Serbia IDs the man behind Karadzic's false identity

Friday, July 25, 2008

BELGRADE, Serbia -- The real Dragan Dabic has emerged -- and the 66-year-old construction worker was shocked Thursday to discover his identity had apparently been stolen by one of the world's most notorious war crimes suspects.

Radovan Karadzic assumed Dabic's identity as a cover during the autocratic rule of his mentor Slobodan Milosevic, officials said Thursday, promising to track down anyone who helped the Bosnian Serb warlord stay on the run from genocide charges for nearly 13 years.

The true Dabic lives in Ruma, a Serbian town just north of Belgrade, according to Rasim Ljajic, a government official in charge of war crimes.

"Dabic's ID differs from Karadzic's only in the photographs of the two," Ljajic said.

That discovery certainly altered Dabic's plans for the day.

"Instead of working in the garden, I'm being besieged by reporters and answering telephone calls," Dabic said in Ruma, adding that he had no idea how the copy of his ID ended up in Karadzic's hands.

"This is unfair. Instead of finding out who really cooked this up, I'm being questioned by police," said Dabic, who has no physical resemblance to Karadzic.

It also meant that all earlier reports on other Dragan Dabics -- one official said there were seven dead or alive in the Bosnian capital of Sarajevo alone -- were tossed aside as false leads.

Officials were trying to figure out whether Karadzic's ID was a fake or an official copy of Dabic's original.

Authorities said Karadzic was captured in Belgrade on Monday and is awaiting extradition to the U.N. war crimes tribunal in The Hague, Netherlands. However, Karadzic's lawyer insisted his client was captured last Friday.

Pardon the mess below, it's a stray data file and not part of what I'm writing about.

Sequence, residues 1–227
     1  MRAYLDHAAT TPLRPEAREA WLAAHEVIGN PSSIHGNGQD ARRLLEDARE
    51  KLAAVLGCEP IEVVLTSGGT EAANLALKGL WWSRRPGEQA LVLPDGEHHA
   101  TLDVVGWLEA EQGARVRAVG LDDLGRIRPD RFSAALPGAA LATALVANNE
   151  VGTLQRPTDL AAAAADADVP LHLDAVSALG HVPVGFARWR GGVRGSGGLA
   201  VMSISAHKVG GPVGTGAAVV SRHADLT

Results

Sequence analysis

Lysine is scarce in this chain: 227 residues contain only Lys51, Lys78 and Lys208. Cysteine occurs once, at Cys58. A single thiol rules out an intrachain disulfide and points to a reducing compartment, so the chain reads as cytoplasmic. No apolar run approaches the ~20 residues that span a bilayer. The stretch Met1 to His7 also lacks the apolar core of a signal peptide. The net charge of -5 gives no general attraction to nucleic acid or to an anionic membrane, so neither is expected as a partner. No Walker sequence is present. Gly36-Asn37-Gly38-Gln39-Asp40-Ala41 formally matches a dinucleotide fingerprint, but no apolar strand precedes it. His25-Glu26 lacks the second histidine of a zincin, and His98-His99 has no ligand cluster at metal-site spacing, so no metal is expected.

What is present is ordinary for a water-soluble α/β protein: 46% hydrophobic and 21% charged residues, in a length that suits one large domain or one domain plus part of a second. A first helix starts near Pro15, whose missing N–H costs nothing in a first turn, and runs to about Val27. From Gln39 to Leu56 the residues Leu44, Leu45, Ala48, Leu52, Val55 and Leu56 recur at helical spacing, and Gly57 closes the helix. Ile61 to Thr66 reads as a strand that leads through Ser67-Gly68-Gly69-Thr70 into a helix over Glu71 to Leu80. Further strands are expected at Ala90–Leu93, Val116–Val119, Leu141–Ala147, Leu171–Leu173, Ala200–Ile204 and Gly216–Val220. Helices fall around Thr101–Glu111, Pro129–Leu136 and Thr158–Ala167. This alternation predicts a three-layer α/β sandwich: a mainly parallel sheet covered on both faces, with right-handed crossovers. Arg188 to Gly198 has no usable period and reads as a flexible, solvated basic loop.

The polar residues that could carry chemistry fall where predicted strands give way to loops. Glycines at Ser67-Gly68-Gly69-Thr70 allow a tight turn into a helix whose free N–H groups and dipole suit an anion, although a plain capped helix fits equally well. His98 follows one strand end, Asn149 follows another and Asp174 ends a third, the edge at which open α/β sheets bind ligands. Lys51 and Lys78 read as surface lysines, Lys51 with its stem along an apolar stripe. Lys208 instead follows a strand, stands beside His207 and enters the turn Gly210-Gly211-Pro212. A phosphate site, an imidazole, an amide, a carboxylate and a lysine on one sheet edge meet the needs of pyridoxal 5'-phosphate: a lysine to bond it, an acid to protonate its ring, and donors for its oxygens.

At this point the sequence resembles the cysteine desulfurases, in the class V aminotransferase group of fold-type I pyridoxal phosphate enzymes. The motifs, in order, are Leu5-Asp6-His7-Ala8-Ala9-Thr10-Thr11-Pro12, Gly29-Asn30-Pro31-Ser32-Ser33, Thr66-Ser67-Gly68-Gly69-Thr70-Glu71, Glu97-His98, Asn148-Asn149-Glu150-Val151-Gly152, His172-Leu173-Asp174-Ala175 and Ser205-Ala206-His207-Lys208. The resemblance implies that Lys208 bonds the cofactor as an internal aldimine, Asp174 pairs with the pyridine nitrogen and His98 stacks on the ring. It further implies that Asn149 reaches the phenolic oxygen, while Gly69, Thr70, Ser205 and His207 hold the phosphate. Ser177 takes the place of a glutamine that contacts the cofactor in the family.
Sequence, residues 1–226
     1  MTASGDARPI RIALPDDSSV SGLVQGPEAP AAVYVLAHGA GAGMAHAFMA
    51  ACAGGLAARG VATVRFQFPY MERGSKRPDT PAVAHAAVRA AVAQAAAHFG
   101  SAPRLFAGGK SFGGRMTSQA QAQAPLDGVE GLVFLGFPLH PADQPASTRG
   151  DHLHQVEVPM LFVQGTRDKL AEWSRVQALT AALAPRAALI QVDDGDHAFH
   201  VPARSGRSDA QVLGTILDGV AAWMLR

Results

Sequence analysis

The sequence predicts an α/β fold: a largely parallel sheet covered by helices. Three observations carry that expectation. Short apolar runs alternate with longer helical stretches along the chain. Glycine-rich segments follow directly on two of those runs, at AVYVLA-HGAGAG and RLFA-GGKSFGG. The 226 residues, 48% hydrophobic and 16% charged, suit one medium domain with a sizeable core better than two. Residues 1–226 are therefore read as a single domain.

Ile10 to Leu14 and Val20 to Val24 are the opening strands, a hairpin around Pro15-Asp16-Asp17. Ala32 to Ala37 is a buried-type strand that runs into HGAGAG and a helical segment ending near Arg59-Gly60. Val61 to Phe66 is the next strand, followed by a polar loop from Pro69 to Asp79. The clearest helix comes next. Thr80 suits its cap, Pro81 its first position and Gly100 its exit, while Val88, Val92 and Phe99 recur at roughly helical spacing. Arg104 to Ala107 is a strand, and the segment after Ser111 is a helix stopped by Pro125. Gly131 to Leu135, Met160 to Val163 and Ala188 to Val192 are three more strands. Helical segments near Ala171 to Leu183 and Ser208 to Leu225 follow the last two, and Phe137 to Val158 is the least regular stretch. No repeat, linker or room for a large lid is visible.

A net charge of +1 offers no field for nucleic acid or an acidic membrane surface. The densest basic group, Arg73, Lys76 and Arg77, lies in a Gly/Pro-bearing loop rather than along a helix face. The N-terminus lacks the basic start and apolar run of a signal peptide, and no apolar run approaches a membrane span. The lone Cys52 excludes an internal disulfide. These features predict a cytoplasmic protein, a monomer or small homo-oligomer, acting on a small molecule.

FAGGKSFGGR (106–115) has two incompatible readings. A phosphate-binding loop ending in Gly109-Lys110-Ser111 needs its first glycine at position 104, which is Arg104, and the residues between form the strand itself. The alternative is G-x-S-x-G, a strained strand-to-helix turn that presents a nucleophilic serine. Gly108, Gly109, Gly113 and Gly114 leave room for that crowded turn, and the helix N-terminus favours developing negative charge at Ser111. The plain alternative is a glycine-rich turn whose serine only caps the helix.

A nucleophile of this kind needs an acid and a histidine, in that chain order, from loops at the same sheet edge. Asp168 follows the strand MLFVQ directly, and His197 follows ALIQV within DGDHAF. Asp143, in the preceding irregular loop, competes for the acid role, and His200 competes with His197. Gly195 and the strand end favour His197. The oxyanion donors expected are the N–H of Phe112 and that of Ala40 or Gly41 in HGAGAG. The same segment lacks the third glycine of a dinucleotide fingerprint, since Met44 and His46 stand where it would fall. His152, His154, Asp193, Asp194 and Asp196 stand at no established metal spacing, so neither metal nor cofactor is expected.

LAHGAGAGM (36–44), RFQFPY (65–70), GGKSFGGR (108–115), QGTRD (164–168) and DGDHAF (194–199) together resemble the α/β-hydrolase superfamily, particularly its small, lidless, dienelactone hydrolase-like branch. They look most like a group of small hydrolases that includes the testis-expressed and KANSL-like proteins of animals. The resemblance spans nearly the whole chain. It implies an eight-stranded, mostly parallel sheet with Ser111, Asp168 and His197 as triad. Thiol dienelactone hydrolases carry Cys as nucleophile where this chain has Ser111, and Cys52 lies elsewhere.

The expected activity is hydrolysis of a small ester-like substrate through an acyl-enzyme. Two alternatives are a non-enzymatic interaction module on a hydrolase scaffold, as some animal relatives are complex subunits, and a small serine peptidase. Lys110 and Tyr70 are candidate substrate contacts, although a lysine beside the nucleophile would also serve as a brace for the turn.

Lawyer Sveta Vujacic said Karadzic told him to file a lawsuit against "unidentified persons" who abducted Karadzic last Friday. Vujacic said Karadzic was taken off a public bus in a Belgrade suburb, hooded and transferred to an unknown location where he was kept for three days.

"We have three witnesses who have contacted us, who saw all this," Vujacic said.

The comments were seen as an attempt to postpone Karadzic's extradition as long as possible.

Bruno Vekaric, spokesman for Serbia's war crimes prosecutor, said Karadzic obtained the false papers while Milosevic's regime was still in power. Milosevic was ousted in a popular revolt in October 2000.

Those suspected of helping Karadzic evade justice will be prosecuted, Vekaric said, adding that authorities hoped they could also help track down the remaining war crimes fugitives, including Bosnian Serb wartime military commander Gen. Ratko Mladic.

Several hundred ultranationalists -- chanting Karadzic's name and denouncing Serbia's new pro-Western government -- marched Thursday in downtown Belgrade in support of the former Bosnian Serb leader.

Karadzic sent word he plans to defend himself against U.N. genocide charges. But his fellow Serbs were more enthralled with details of his secret life: a mistress, a bogus family in the U.S. and regular visits to the Madhouse bar, where a photo showed him during his beardless days as wartime political leader of Bosnian Serbs.

The capture of Karadzic capped an extraordinary turnaround for Serbia, where just a few months ago thugs outraged at Kosovo's independence set part of the U.S. Embassy in Belgrade on fire, and ultranationalists prepared to seize power.

In May, after decades of frustration with nationalists, a pro-Western bloc won national elections on a promise to bring the impoverished nation closer to mainstream Europe.

On Thursday, the government announced plans to reinstate ambassadors withdrawn from the 20 EU countries that supported Kosovo's independence. Serbian Foreign Minister Vuk Jeremic said the return of ambassadors will help Serbia's attempts to one day join the European Union.

Serbia has no plans to return its ambassador to Washington or other non-EU states that recognized Kosovo.

In all, 42 nations have recognized Kosovo's independence, including the United States and 20 of the 27 EU members. Serbia, with strong Russian backing, remains vehemently opposed to Kosovo's split.

Associated Press Writers Jovana Gec and Katarina Kratovac contributed to this report.

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